This study seeks to investigate form and content of African music as exemplified by Bukusu circumcision music. Technological products, growth of urban centres, emergence of industries and the widespread of deadly diseases such as HIV/AIDS have led to remarkable adjustments in the social behaviour and other ways of life in African communities. These adjustments have strained the socio-cultural patterns of African traditional ceremonies leading to a shift in the form, content, significance and performance of music in such ceremonies. The dilemma and problem in the Bukusu community is centred on how to strike a balance between the traditional and modern perspectives in the form, content, organization and performance of Bukusu circumcision music. This dilemma has given rise to three protagonists: the traditionalists, semi-traditionalists and modernists. While traditionalists advocate for the traditional organization and performance of Bukusu circumcision music, the semi-traditionalists mix the modern and traditional aspects. On the other hand, the modernists have altogether done away with the traditional music. This study identifies, investigates and explains the various structures, forms, meanings and functions of traditional Bukusu circumcision music against the backdrop of modernity. Here, by modernity we mean capitalistic and monetary oriented economies together with religious ideologies foreign to the African belief systems. Such ideologies are, for example, embodied in Christianity and Islam. It is recommended that important virtues embodied in the Bukusu circumcision ritual be incorporated and perpetuated within the modern social trends. This would sustain the social controls that such virtues effect and, by extension, stand for in most African communities. Primary and secondary sources of data were consulted. Collection of primary data involved carrying out both participant and non-participant observations in Bungoma District in Western Province of Kenya, where most Bukusus reside. Interviews and focus group discussions were also employed in primary data collection. Purposive and snowball sampling techniques were used to identify respondents who included circumcisers, initiates, song leaders, singers and instrumentalists among others. Secondary sources included information from written materials like books, journals, reports, articles, seminar papers and periodicals. Findings of this research are a record of Bukusu circumcision music, which is ever evolving to conform to the changing socio-cultural and economic situation of the society. They are an invaluable assessment tool in the evaluation of the past, present and future perspectives of the music. Above all, the findings are a repository for reference by future generations in scholarship and ethnomusicological research.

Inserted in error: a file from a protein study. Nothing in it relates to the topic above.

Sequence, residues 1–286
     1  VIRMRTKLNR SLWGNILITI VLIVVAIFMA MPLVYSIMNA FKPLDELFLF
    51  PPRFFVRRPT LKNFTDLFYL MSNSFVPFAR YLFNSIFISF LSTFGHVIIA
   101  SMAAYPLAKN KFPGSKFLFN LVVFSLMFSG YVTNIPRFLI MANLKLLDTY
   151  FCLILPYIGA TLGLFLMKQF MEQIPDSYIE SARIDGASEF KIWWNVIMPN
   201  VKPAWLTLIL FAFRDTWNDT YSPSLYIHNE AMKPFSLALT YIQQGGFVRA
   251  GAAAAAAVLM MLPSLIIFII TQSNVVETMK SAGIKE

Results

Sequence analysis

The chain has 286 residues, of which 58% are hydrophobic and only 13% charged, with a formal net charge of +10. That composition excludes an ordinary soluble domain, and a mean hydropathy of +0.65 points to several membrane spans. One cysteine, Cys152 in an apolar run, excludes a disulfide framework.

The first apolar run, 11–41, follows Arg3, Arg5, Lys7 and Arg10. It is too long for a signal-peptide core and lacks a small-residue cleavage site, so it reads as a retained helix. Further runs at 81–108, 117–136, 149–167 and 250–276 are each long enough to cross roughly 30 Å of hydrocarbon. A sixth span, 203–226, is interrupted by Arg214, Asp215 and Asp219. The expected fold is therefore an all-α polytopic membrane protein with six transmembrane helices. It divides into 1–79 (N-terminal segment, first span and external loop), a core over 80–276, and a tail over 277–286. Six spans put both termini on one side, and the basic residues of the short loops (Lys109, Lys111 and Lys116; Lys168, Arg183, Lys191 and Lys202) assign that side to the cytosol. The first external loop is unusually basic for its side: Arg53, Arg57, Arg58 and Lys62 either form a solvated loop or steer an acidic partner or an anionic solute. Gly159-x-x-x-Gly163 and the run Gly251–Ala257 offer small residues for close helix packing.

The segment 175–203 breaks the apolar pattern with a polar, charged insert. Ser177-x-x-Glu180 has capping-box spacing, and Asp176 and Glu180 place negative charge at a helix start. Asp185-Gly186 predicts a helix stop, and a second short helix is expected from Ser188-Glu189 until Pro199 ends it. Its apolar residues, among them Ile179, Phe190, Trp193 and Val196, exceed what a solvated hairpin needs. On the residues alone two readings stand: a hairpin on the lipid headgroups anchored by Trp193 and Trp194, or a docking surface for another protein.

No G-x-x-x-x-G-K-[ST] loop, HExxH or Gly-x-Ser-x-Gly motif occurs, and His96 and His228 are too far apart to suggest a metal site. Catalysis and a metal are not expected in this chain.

Thesis (DMus (Music))--University of Pretoria, 2007.